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Buy or Sell? The Debate Among Top Institutions on Chinese Stocks

Buy or Sell? The Debate Among Top Institutions on Chinese Stocks

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  • Post last modified:May 23, 2023

After a sharp adjustment last year, US tech stocks have rebounded strongly since the start of 2023. But when it comes to Chinese concept stocks, major overseas asset management giants show a stark divide in their stances, mainly because the divergence in auditing standards between China and the United States and the risk of delisting US-listed Chinese stocks have still been stirring up waves. So, what’s behind this intricate dance of international finance?

Alibaba’s Bold Reforms Stir Optimism

In a fascinating turn of events, Alibaba announced a large-scale restructuring at the end of March, dividing its business into six independent companies. Each department can now raise external funds and seek listing independently. Does this symbolize a relaxing grip on tech companies in China?

Analysts seem to think so. “We have a positive view on the impact of individual business divisions going public and disclosing,” says Shawn Yang of Blue Lotus Research Institute. Dan Ives of Wedbush Securities also shares this sentiment, arguing that Alibaba’s plan to split off the cloud computing department is a “wise strategic move” and “a step in the right direction for the Alibaba story.”

Alibaba fell short of Q1 revenue expectations. These variances caused the Hong Kong-listed shares of Alibaba to plunge by nearly 5% last Friday. On the other hand, search engine giant Baidu exceeded expectations with its Q1 2023 revenues and profits; Tencent Holdings recovered growth after consecutive quarters of flat and negative development.

Some insiders believe that after over two years of adjustment, the valuation of CCS has become significantly undervalued. With the potential uplift in corporate earnings and market confidence, is there hope for fund managers to return to Chinese assets?

▲Alibaba announced a plan to divide its business into six independent units.


Big Players Make Their Move

Despite the rollercoaster performance of these Chinese tech giants, several foreign funds remain undeterred and have seized the opportunity to sell off amid the rebound.

Bridgewater Associates has reduced or cleared its holdings in several Chinese concept stocks, including RLX Technology, GaoTu, Huya, Douyu, Futu, Li Auto, etc., with reductions in individual stocks all exceeding 50%, and it has completely cleared its holdings in Baidu.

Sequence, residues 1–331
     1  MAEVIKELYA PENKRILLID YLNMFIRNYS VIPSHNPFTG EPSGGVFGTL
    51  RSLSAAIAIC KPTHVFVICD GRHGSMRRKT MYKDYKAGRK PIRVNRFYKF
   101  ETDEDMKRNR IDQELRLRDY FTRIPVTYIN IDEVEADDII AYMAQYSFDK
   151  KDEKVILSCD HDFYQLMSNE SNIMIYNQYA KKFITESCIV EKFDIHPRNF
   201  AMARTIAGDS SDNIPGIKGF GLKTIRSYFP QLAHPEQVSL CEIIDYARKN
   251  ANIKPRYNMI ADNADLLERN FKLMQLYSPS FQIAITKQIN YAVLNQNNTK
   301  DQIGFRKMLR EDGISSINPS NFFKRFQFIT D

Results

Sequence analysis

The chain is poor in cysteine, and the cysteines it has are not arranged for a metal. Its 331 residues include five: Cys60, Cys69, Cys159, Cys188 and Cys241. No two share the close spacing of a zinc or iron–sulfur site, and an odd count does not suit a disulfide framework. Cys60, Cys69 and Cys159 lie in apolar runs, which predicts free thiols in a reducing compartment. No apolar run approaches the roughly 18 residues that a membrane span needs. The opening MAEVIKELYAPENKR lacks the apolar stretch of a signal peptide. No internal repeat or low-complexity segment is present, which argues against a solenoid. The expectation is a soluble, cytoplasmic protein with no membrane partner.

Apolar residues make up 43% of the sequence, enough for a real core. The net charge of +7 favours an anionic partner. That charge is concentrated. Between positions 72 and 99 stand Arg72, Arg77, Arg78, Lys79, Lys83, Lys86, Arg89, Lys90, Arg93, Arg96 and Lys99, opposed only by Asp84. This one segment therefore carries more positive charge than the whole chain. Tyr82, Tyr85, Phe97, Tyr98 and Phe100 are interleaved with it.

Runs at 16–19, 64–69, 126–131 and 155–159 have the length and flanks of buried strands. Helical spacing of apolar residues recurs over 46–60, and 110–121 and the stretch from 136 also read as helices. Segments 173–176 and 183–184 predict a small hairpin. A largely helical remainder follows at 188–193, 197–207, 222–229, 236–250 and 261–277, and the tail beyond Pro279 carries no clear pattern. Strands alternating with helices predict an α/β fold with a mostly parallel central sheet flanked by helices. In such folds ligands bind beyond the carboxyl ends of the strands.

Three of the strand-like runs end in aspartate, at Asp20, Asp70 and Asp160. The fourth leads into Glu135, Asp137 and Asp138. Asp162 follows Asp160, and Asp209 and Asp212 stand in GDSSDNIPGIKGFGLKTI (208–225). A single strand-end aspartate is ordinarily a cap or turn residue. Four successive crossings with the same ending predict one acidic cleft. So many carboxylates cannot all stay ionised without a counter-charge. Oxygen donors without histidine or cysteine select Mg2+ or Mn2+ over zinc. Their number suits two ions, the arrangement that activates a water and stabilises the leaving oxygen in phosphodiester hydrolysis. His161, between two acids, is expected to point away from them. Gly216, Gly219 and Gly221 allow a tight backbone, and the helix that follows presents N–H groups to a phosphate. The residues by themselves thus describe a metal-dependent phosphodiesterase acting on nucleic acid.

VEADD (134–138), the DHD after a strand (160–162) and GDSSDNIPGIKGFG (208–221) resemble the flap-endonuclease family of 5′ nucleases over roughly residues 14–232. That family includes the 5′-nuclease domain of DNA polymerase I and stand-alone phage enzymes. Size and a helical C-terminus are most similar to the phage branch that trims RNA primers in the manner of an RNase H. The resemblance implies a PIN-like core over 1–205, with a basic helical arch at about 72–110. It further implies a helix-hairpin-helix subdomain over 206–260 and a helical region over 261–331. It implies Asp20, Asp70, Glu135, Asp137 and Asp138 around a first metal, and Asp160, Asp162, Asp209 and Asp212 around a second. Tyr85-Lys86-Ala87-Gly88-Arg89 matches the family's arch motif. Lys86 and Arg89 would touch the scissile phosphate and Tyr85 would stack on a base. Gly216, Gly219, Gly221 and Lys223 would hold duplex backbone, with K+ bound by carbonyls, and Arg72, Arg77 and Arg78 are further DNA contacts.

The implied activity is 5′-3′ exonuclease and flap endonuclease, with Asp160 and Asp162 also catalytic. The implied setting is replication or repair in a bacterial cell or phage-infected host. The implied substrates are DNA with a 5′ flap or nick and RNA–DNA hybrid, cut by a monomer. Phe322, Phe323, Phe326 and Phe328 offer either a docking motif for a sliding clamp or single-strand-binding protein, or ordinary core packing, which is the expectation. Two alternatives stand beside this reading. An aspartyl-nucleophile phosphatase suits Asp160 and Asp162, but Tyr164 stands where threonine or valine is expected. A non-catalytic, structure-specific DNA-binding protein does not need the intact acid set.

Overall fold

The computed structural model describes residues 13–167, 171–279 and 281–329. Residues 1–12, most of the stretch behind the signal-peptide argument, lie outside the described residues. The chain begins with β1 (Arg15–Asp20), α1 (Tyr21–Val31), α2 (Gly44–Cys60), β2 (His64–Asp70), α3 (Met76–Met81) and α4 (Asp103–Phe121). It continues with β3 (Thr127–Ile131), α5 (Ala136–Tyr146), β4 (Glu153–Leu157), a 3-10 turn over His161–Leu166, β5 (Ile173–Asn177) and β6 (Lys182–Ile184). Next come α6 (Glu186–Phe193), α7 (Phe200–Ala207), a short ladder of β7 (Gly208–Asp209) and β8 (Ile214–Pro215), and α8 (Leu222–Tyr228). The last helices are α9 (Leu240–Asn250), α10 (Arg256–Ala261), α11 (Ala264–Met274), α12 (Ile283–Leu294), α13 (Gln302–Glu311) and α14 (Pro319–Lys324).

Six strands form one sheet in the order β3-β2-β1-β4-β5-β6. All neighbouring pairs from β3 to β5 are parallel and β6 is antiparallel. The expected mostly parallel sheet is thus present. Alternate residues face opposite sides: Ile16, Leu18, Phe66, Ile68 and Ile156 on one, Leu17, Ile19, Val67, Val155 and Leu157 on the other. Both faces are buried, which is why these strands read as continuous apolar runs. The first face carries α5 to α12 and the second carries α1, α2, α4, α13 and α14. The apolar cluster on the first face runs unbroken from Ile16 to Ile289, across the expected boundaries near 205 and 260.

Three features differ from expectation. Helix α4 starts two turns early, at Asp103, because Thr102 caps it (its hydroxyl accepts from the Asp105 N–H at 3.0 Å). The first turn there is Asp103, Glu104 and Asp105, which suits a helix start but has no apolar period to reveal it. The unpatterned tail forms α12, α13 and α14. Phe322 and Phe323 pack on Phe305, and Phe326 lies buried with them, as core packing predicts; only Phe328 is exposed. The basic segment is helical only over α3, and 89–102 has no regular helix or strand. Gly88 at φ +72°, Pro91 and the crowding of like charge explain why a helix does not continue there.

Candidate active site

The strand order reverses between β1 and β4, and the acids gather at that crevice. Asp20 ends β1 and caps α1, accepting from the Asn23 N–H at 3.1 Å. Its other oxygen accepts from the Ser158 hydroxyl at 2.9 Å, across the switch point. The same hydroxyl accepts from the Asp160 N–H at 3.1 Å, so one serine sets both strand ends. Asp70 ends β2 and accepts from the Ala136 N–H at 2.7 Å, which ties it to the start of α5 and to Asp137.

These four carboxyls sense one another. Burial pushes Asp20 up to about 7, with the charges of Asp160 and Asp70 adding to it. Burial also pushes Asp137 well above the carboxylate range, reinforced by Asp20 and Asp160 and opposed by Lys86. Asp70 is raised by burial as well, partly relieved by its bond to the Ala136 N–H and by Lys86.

The century-old British asset management giant Baillie Gifford has reduced its holdings in NIO, BeiGene, Baidu, and Beike and completely cleared its holdings in NetEase.

On the other hand, Michael Burry of Scion took a bullish stance on the Chinese market and significantly increased his positions in and Alibaba. His fund added 175,000 shares of and 50,000 shares of Alibaba at nearly USD 13 million. This deviates starkly from the commonly held bearish view of Chinese equities among his peers.

George Soros, the renowned hedge fund mogul, offloaded 500,000 option shares in NIO while concurrently acquiring 200,000 option shares in

Recent Developments on the Delisting Risk

Based on the US’s Holding Foreign Companies Accountable Act (HFCAA), Chinese companies could face delisting if their auditors do not meet US accounting standards. Recently, the Public Company Accounting Oversight Board (PCAOB) found “unacceptable” deficiencies in the audits of US-listed Chinese companies conducted in mainland China and Hong Kong. Several Chinese companies listed in the US have switched to US and Singaporean auditors to lower their delisting risk.

According to data from the Securities and Exchange Commission (SEC), 174 US-listed Chinese companies were identified for auditing inspection, 24 of which changed their auditors in 2022. 16 companies are currently under audit by US or Singapore firms, reducing the number of companies using mainland Chinese or Hong Kong accounting firms from 22 to 8.

The Chinese Securities Regulatory Commission stated that it is willing to work with its American counterparts to promote audit supervision cooperation jointly and legally protect global investors’ legitimate rights and interests.

As the crisis relieves, some fund managers maintain or even increase their stakes in Chinese companies. This begs the question: Is the best yet to come for Chinese tech stocks? The future is as unpredictable as it is exciting, but as we’ve seen from the giants who gamble on these stocks, the game is far from over. Amid fluctuating trade dynamics, regulatory shifts, and global market turbulence, the search for secure and promising prospects remains challenging.